TROON, Scotland (Reuters) - Record-breaking Swede Henrik Stenson became the first Scandinavian male to capture a major when he won the British Open on Sunday, beating Phil Mickelson in an extraordinary final-round duel.
The world number six produced a swashbuckling eight-under-par 63 to finish 20-under on 264, three ahead of playing partner Mickelson (65).
The 40-year-old Stenson’s round equaled the lowest in any major championship and his winning total was also a record for any of the ‘Big Four’ tournaments.
“Wow, this will take a little while to sink in,” said Stenson as he held aloft the coveted Claret Jug. “I’m still trying to find my bearings here.
“I want to thank Phil for a fantastic battle. We played some great golf and I’m delighted to come out on top.”
Like two prize fighters in a ring, the two men traded blow after stunning blow, reeling off birdie after birdie to turn the last day of golf’s oldest major into a two-way procession.
The rest were nowhere with American JB Holmes (69) taking third spot on 278, 11 behind Mickelson as the leading pair evoked memories of the great ‘Duel in the Sun’ Turnberry Open of 1977 when Tom Watson edged out Jack Nicklaus in another epic head-to-head.
Steve Stricker (69) of the U.S. was in fourth place on 279, one in front of Northern Ireland’s Rory McIlroy, Tyrrell Hatton of England and Spaniard Sergio Garcia.
Mickelson showed he meant business with a first-hole birdie after drilling a majestic approach to tap-in range while overnight leader Stenson took three putts.
The Swede’s response was instant and emphatic as he birdied five of the next seven holes, making a complete nonsense of gusts of up to 25mph on the windswept Ayrshire coastline.
Five-times major champion Mickelson, however, refused to be cowed and an eagle three at the fourth followed by a birdie two holes later meant he was only one behind at the turn.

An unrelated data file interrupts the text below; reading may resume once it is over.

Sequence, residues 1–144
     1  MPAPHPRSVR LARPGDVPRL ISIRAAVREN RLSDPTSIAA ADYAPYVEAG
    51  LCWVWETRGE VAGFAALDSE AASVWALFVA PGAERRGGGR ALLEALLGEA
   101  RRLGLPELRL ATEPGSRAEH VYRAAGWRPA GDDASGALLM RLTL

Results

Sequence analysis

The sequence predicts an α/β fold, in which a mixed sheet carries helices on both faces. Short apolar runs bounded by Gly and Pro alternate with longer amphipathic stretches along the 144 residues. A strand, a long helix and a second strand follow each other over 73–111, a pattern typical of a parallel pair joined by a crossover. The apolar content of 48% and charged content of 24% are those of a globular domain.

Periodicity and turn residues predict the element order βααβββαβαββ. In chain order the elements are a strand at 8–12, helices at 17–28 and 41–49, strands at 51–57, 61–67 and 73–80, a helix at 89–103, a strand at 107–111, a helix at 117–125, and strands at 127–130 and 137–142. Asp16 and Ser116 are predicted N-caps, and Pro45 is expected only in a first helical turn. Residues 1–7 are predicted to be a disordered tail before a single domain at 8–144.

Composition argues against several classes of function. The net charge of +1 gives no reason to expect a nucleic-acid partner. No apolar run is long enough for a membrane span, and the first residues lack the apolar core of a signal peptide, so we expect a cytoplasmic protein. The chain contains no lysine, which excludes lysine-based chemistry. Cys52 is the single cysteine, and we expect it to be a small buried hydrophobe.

The putts continued to fall at the 10th as both players birdied yet again.
The 46-year-old American, bidding to become the oldest winner of the Open in the modern era, leveled again at the 11th when his title rival three-putted for the second time.
As the wind died down and the sun made a rare appearance, Stenson delivered the coup de grace with a hat-trick of birdies at the 14th, 15th and 16th giving him a two-shot advantage with two holes to play.
Mickelson’s last chance came and went at the 16th when his eagle putt just missed.
Stenson, full of adrenaline on the 18th tee, hammered his tee shot 310 yards down the fairway and was mightily relieved to see it stop 12 inches short of one of Royal Troon’s fiendish pot bunkers.
He safely found the green with his approach and rolled in another monster putt to complete victory and post the 29th round of 63 in major championship history.
“I knew he wasn’t going to back down at any point and in a way that makes it easier,” said Stenson. “I knew I had to keep on pushing, keep on giving myself birdie chances.”
Mickelson, who beat Stenson into second place when he won the 2013 Open at Muirfield, was generous in his praise.
“It’s disappointing to come in second but I’m happy for Henrik, he’s really a great champion,” said the left-hander. “We’ve been friends for some time.
“I’ve always thought he is one of the best ball-strikers in the game and that major championships are perfectly suited for him. I knew he would ultimately come through and win.”
Editing by Martyn Herman and Pritha Sarkar